From the CEO: Eve Mayer Orsburn | @LinkedInQueen
Remember those pre-Facebook days when high school reunions were stressful events that drove people to do desperate things just so it would appear that their lives were perfect? People would stay in unhappy marriages, put off rehab or invent career success stories in order to prove to their old friends how great they had turned out. Meanwhile, everyone at the reunion would try in vain to keep their mouths from dropping open at the sight of the hot jock who showed up bald, the big nerd who got rich and the cheerleading captain who got fat.
One of my favorite examples of this pre-Facebook behavior is evidenced in the movie “Romy and Michele’s High School Reunion.” Romy and Michele pretend to be highly successful businesswomen, showing up in fancy cars and clothes, and claim that they invented Post–it notes. It might have been possible to get away with such a falsity before Facebook, but not anymore.[youtube]http://www.youtube.com/watch?v=gDVmAz8P6cc[/youtube]
Facebook has a way of putting it all out there, even when you try to be coy about it. Some assumptions that are likely to be drawn about people based on their Facebook pages are:
- Profile picture is cropped very closely to the face or only pictures of dogs or children appear. In real life, they are likely hiding double chins or balding heads.
- Relationship status changes often and doesn’t list if interested in men or women. In real life, theyhave probably been through lots of partners and may be gay or bi-sexual.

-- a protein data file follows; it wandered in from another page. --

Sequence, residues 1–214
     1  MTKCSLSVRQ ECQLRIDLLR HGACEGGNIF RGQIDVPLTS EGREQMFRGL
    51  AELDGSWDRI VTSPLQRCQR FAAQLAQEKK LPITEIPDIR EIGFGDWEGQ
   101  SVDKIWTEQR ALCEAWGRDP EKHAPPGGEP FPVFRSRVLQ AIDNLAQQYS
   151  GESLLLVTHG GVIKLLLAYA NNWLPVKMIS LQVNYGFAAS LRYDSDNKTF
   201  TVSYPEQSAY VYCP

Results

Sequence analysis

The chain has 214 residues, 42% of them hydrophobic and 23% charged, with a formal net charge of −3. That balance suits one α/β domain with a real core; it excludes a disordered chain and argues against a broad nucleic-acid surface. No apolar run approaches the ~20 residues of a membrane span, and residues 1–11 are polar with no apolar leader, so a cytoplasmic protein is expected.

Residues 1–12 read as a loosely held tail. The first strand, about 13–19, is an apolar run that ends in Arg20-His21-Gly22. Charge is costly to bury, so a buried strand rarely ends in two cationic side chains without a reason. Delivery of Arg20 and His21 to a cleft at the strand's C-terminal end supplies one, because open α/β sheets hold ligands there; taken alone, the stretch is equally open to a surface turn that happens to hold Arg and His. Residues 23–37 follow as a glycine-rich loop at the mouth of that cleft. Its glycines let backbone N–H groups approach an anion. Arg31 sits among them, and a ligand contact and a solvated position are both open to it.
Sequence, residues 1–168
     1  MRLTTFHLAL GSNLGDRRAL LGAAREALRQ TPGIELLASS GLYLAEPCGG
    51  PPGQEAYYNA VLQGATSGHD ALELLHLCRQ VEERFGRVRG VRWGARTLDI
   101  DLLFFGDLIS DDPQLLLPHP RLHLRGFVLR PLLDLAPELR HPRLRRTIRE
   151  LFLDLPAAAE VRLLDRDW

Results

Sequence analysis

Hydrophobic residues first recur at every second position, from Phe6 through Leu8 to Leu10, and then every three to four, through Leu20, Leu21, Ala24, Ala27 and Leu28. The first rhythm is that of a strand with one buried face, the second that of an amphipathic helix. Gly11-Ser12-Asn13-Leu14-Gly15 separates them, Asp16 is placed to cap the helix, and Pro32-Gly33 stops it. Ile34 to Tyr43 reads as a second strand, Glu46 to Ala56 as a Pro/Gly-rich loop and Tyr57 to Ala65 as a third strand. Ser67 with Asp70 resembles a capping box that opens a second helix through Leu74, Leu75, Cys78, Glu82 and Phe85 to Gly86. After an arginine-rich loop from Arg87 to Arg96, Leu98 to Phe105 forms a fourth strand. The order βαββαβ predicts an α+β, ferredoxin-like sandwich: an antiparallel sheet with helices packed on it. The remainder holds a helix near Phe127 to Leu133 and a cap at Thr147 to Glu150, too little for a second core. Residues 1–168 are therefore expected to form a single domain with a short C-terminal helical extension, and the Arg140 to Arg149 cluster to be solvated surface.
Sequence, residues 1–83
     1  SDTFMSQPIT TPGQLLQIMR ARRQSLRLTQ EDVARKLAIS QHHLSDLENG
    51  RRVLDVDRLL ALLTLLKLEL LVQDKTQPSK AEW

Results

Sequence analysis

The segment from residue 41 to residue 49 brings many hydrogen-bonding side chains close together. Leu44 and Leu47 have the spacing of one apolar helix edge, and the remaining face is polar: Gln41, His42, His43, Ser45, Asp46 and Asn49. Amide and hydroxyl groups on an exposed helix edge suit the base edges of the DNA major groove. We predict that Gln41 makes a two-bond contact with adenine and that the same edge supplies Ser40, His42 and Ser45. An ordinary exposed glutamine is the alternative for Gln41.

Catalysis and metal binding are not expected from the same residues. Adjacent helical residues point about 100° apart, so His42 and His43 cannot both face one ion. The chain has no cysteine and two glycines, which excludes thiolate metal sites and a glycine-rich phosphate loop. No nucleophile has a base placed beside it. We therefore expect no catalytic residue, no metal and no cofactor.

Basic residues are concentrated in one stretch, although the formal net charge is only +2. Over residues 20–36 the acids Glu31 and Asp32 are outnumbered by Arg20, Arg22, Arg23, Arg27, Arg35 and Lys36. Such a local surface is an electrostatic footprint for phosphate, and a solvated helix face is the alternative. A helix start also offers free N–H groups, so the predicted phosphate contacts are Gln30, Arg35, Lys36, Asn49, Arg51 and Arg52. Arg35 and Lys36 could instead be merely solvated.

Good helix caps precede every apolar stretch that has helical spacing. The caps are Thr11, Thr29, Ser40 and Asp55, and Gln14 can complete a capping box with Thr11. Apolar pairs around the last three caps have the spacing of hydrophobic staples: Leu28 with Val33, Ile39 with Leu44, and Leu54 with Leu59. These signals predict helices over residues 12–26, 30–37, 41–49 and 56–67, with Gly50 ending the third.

- Someone other than Mark Zuckerberg lists Entrepreneur as their title for the past 15 years and posts their score from Farmville 6 times a day. In real life, they are probably unemployed and still living with Mom and Dad, although they may occasionally deliver pizza part-time.
Facebook has taken the shock away from the high school reunion experience, and I, for one, am glad. My high school reunion is just a few short weeks away and I can’t wait to go and catch up with old friends. I’m excited to see people and hear what they have been up to, and I’m not worried about their reaction to the fact that I look pretty much the same except that now I’m – well, how should I say it? – supersized. I’m not planning a drastic plastic surgery during the next two weeks because, thanks to Facebook, my old high school buddies already know I am no longer a size 8.
Facebook also lets me share the many reasons I have to be grateful in my life today, without coming across as a pompous jerk at the reunion. For example, I’m thrilled that my old friends have already gotten to know my family, including my hilarious 5 year old daughter and my handsome husband of 11 years – even if they have not yet met in person. I am also proud that my former high school classmates may already know I am a CEO and a published author.
The truth about high school reunions is this. During 20 years, it is highly likely we have all experienced one or more things that we wish others didn’t have to know about including:
- Getting Fired
- Getting Fat
- Getting Dumped
- Failing miserably at something
But also during the past 20 years since high school, it is also highly likely that we have done one or more of these things:
- Loved someone
- Helped someone
- Had a child
- Won something
- Created something beautiful
- Accomplished a dream
So you might as well tell the truth on Facebook because — guess what? Your friends are imperfect too. Plus, perfect people are extremely hard to come by, and tend to be boring. In the end, a high school reunion — like Facebook — is a place where people get together with others to catch up on old times and to share what is going on in their lives today. Let Facebook set you free, and have the time of your life at your school reunion.